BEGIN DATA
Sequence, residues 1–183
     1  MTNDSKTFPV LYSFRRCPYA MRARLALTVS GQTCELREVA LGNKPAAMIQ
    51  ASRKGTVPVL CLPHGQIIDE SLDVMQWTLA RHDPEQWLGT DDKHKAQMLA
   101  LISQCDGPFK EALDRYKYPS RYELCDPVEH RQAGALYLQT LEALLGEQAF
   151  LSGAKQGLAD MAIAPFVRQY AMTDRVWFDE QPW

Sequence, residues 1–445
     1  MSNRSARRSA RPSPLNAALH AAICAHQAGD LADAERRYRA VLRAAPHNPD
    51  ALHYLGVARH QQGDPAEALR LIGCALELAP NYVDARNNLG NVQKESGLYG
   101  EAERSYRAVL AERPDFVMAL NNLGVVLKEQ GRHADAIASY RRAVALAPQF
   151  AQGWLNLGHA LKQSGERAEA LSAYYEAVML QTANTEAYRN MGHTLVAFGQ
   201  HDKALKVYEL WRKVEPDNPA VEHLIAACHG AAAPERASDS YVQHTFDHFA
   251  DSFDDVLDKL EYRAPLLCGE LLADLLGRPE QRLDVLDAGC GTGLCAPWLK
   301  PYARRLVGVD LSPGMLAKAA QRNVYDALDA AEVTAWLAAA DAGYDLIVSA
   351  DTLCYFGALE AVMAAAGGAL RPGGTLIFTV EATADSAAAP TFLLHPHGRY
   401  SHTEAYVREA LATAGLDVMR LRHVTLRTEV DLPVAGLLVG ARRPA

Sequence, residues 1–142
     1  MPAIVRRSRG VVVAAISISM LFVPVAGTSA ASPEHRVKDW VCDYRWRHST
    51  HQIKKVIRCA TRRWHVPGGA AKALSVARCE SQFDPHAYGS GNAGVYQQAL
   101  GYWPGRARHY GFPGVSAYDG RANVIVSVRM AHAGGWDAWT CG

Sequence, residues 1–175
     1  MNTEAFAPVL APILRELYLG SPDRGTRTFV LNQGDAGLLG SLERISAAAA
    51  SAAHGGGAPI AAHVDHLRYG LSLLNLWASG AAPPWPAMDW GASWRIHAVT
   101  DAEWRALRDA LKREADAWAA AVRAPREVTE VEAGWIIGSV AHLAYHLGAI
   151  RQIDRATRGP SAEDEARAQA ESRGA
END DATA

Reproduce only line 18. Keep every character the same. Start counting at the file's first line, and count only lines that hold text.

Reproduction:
    51  HQIKKVIRCA TRRWHVPGGA AKALSVARCE SQFDPHAYGS GNAGVYQQAL